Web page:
AOL, a tech name from the past, thinks it has the key to the future.
The Internet pioneer is giving employees and prospective hires a chance to launch their own startups within the confines of AOL. Candidates will create business plans and pitch them to AOL executives and the venture capitalists the company backs. The winners will be given funding and up to six months to develop their projects.
William Pence, AOL’s chief technology officer, says the best ideas to come out of the incubator will either be incorporated into the company’s existing business lines or, if they’re big and ambitious enough, stand alone as new ventures.
The idea was to use the rigor of the venture capital funding process to create an internal engine for innovation. “We wanted to do something that’s a little different than creating a sandbox and letting people go play in it,” Pence says.
Pence didn’t disclose how much AOL will spend on the effort, which it’s calling “Area 51.” But once it’s up and running, he says, it could fund as many as 10 projects.
Planning for the future while delivering in the present is one of the trickiest problems companies face. Devote too much time and attention to innovation and you risk taking your eye off the ball; spend too little and you may soon find yourself obsolete.
Paradoxically, the more productive a company is in the present, the less focused it is on the future. Vijay Govindarajan, a professor at Dartmouth’s Tuck School of Business, calls this the “success trap.”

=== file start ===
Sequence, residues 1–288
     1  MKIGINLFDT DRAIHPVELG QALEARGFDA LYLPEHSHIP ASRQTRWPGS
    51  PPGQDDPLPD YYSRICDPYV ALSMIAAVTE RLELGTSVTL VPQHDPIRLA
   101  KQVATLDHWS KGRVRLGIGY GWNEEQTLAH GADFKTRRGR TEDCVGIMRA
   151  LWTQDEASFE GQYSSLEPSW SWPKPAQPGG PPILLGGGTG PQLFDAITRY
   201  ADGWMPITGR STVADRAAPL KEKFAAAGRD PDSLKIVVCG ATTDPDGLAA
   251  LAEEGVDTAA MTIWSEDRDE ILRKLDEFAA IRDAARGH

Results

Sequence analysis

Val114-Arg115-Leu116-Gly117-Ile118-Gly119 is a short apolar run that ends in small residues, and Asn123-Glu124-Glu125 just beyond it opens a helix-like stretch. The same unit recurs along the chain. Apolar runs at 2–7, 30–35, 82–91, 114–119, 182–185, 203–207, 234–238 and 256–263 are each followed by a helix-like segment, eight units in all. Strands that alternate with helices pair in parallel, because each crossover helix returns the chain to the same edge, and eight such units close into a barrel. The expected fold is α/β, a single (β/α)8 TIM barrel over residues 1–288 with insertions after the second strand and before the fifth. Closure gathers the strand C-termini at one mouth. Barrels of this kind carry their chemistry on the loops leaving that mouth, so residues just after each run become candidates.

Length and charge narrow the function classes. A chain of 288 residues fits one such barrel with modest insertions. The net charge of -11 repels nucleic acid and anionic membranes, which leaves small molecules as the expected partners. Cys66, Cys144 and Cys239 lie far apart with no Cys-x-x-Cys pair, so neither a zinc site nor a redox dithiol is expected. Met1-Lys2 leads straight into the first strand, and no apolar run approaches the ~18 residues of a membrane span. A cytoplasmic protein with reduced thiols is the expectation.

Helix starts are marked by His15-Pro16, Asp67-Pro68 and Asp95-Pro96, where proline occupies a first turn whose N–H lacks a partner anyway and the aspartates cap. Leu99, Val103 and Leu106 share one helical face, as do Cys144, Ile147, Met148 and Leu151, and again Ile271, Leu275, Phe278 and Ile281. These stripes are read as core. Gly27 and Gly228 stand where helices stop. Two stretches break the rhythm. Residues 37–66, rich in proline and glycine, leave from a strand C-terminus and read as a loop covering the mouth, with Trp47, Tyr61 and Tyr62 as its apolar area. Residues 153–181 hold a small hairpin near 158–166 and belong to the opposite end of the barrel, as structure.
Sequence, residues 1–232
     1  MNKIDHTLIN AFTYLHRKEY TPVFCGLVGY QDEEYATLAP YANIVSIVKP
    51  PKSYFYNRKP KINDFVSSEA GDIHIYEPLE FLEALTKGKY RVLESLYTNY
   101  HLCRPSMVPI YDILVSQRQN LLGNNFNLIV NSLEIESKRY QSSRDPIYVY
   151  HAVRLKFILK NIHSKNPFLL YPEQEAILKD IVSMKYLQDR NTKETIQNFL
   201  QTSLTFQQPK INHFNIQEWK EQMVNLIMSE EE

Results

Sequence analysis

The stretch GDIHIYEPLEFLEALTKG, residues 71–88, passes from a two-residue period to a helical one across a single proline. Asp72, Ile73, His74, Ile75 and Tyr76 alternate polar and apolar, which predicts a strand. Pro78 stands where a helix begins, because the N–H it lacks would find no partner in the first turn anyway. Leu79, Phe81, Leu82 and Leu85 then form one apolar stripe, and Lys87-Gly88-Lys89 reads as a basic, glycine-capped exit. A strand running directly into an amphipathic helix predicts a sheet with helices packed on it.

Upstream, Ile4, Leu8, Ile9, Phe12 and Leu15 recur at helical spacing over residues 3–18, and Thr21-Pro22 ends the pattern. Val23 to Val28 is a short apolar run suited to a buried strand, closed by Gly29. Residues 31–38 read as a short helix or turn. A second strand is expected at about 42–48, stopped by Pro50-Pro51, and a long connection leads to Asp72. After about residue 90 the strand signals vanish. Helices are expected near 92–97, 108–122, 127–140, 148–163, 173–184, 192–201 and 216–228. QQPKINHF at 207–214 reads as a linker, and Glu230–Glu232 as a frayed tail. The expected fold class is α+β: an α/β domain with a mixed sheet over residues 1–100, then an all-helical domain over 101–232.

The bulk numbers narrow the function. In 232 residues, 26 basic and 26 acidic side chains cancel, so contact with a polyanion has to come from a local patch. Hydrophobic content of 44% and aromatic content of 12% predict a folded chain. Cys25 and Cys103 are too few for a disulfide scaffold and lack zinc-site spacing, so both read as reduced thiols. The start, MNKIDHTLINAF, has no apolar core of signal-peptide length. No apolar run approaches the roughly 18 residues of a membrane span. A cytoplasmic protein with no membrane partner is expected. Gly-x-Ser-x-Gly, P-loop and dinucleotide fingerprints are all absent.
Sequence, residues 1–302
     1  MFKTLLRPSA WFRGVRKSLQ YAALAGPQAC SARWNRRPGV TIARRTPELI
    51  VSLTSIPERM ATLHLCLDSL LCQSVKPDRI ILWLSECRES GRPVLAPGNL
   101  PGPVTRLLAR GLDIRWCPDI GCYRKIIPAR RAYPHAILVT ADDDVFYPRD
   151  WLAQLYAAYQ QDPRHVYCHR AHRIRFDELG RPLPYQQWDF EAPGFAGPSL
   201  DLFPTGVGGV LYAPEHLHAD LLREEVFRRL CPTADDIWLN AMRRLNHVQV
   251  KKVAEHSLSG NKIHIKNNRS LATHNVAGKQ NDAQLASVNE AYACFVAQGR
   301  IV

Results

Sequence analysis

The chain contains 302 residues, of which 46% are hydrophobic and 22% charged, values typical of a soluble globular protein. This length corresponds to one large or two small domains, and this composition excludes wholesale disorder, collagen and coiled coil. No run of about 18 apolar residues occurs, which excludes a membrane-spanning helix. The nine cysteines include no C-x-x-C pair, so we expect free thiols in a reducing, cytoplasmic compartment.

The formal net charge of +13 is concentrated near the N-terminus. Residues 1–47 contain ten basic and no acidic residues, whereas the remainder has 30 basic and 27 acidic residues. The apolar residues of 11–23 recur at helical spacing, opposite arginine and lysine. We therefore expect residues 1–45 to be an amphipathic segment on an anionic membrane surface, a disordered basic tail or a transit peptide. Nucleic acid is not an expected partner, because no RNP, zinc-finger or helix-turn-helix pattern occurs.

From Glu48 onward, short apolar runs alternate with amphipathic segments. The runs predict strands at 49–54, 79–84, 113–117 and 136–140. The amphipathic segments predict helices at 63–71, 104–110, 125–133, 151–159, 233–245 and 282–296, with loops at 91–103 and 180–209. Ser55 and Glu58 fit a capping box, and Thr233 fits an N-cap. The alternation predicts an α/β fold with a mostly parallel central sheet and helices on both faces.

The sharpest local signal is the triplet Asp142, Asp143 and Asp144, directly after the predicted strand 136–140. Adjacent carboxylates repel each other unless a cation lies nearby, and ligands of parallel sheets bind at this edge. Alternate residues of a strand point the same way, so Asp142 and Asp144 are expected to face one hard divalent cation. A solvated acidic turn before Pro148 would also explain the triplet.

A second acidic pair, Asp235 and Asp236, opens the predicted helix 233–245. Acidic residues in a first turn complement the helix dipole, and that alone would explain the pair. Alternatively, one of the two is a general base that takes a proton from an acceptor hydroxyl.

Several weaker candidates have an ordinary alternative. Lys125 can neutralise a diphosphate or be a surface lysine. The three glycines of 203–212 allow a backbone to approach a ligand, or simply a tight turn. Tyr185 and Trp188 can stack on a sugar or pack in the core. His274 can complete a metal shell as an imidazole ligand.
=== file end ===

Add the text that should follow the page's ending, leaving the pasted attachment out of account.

“The performance engine is too powerful,” he says. “The focus on preserving it is too intense.”
This hasn’t been a problem lately at AOL, which barely survived its disastrous merger with Time Warner in 2000 and was acquired in 2015 by Verizon for $4.4 billion. But the company now has a viable business in ad technology and owns a clutch of media sites like Huffington Post and TechCrunch. And it still has a legacy email service with 2 million subscribers.
Few companies are great at managing both the present and future, Govindarajan said. Google famously created Google X to work on “moon shot” projects, while other have walled off research labs. While that can work for truly new technologies, like the quantum computing initiatives at IBM, Pence said, too often those teams labor in isolation and can fall behind current industry trends.
For AOL, the Area 51 project has multiple goals. Along with developing new technologies and businesses, Area 51 is designed to be a recruitment tool. The company wants to attract bright young engineers from top universities, and it’s competing with more glamorous companies, like Google, which is a recruiting juggernaut across its many businesses.
“Our problem is getting that first look,” Pence says. “We see this as a way to change the narrative.”